Is Bernard-Henri Lévy having the best week ever?

Last spring, it seemed like everyone was hating on French philosopher/public intellectual/serial chest-hair exhibitionist Bernard-Henri Lévy. It was bad enough that he had helped push President Nicolas Sarkozy’s government into an intervention in Libya that appeared to be settling into an endless quagmire. Then in May, he was pilloried for going on record to defend ...

550539_levy_02.jpg
550539_levy_02.jpg

Last spring, it seemed like everyone was hating on French philosopher/public intellectual/serial chest-hair exhibitionist Bernard-Henri Lévy. It was bad enough that he had helped push President Nicolas Sarkozy's government into an intervention in Libya that appeared to be settling into an endless quagmire. Then in May, he was pilloried for going on record to defend his friend Dominique Strauss-Kahn from sexual assault charges that he compared to a lynching and the Dreyfus Affair. Some even went as far as to wonder whether the Libya invasion would have happened if the Strauss-Kahn affair, and the damage to BHL's reputation that ensued, had come first.

This week, Muammar al-Qaddafi's regime fell with relatively little blood and treasure expended by the countries that intervened (Lévy has already been out in front, communicating with both Sarkozy and the National Transitional Council), and tomorrow, the charges against Strauss-Kahn are likely to be dropped. What's next? An acquittal for Roman Polanski? A global button shortage?

Of course, this week's events don't necessarily mean Lévy was right about either issue: We'll never really know what happened in Strauss-Kahn's hotel room, and the future of Libya is obviously still far from settled. And his detractors may still feel justified in considering him a shameless self-promoter, overrated writer, and absurdly sloppy researcher. But he's still probably entitled to spike the ball this week.

Last spring, it seemed like everyone was hating on French philosopher/public intellectual/serial chest-hair exhibitionist Bernard-Henri Lévy. It was bad enough that he had helped push President Nicolas Sarkozy’s government into an intervention in Libya that appeared to be settling into an endless quagmire. Then in May, he was pilloried for going on record to defend his friend Dominique Strauss-Kahn from sexual assault charges that he compared to a lynching and the Dreyfus Affair. Some even went as far as to wonder whether the Libya invasion would have happened if the Strauss-Kahn affair, and the damage to BHL’s reputation that ensued, had come first.

This week, Muammar al-Qaddafi’s regime fell with relatively little blood and treasure expended by the countries that intervened (Lévy has already been out in front, communicating with both Sarkozy and the National Transitional Council), and tomorrow, the charges against Strauss-Kahn are likely to be dropped. What’s next? An acquittal for Roman Polanski? A global button shortage?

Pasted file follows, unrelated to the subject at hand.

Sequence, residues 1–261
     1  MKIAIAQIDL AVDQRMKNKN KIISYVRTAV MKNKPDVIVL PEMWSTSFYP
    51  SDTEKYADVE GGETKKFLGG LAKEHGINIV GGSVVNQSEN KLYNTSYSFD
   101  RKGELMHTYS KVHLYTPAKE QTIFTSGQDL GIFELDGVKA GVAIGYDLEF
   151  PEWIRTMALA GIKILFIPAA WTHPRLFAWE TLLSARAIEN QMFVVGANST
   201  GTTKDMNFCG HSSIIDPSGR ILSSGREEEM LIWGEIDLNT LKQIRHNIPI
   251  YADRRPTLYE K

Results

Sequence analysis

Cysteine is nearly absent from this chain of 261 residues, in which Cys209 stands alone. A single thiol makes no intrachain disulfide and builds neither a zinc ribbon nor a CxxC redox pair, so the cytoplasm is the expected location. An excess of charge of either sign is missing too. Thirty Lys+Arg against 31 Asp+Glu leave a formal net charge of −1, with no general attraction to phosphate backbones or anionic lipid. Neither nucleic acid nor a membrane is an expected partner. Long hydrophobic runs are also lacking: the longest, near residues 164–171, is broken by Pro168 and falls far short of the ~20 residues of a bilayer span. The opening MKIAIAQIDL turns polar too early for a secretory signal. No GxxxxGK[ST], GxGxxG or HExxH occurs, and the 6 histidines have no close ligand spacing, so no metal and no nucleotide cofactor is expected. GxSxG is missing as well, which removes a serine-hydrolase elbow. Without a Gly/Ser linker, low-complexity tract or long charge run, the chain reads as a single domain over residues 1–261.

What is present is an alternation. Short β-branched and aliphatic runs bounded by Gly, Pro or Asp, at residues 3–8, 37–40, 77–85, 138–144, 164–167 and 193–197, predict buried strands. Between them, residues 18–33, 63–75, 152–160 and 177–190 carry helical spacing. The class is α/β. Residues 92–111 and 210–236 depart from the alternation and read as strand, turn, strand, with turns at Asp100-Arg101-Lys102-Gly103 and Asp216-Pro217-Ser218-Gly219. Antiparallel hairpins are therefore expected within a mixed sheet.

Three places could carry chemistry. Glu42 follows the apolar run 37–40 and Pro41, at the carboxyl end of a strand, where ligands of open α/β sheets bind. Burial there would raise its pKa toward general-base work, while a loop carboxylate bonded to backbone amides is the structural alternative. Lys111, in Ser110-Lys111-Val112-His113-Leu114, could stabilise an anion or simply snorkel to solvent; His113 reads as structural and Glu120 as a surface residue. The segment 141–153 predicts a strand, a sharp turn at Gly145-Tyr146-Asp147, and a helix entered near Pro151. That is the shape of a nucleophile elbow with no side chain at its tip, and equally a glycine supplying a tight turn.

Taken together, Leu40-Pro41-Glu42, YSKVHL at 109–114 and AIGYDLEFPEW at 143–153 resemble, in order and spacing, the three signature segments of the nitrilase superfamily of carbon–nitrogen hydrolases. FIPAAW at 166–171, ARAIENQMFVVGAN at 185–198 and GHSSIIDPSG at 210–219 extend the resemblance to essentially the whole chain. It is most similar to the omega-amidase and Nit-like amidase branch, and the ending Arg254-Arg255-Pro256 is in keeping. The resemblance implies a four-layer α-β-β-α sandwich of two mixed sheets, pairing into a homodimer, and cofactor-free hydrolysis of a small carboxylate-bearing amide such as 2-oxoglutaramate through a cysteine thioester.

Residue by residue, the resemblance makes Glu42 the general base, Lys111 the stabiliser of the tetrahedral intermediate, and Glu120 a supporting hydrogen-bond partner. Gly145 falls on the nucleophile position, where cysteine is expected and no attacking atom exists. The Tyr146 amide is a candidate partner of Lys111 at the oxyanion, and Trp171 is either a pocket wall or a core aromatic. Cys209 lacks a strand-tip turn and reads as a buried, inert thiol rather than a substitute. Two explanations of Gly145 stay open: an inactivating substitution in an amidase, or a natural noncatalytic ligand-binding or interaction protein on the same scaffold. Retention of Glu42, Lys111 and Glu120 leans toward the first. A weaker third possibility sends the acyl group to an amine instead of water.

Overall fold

Of course, this week’s events don’t necessarily mean Lévy was right about either issue: We’ll never really know what happened in Strauss-Kahn’s hotel room, and the future of Libya is obviously still far from settled. And his detractors may still feel justified in considering him a shameless self-promoter, overrated writer, and absurdly sloppy researcher. But he’s still probably entitled to spike the ball this week.

Joshua Keating was an associate editor at Foreign Policy Twitter: @joshuakeating

More from Foreign Policy

U.S. President Joe Biden listens to remarks in the Rose Garden at the White House in Washington on May 19.
U.S. President Joe Biden listens to remarks in the Rose Garden at the White House in Washington on May 19.

Russia’s Defeat Would Be America’s Problem

Victory in Ukraine could easily mean hubris in Washington.

Russian and Belarusian troops take part in joint military exercises.
Russian and Belarusian troops take part in joint military exercises.

Russia’s Stripped Its Western Borders to Feed the Fight in Ukraine

But Finland and the Baltic states are still leery of Moscow’s long-term designs.

Electricity pylons are shown under cloudy skies during rainfall near Romanel-sur-Lausanne, Switzerland, on Sept. 15.
Electricity pylons are shown under cloudy skies during rainfall near Romanel-sur-Lausanne, Switzerland, on Sept. 15.

Europe’s Energy Crisis Is Destroying the Multipolar World

The EU and Russia are losing their competitive edge. That leaves the United States and China to duke it out.

European Commission President Ursula von der Leyen announces new European Union energy policies at the bloc’s headquarters in Brussels, on Sept. 7.
European Commission President Ursula von der Leyen announces new European Union energy policies at the bloc’s headquarters in Brussels, on Sept. 7.

With Winter Coming, Europe Is Walking Off a Cliff

Europeans won’t escape their energy crisis as long as ideology trumps basic math.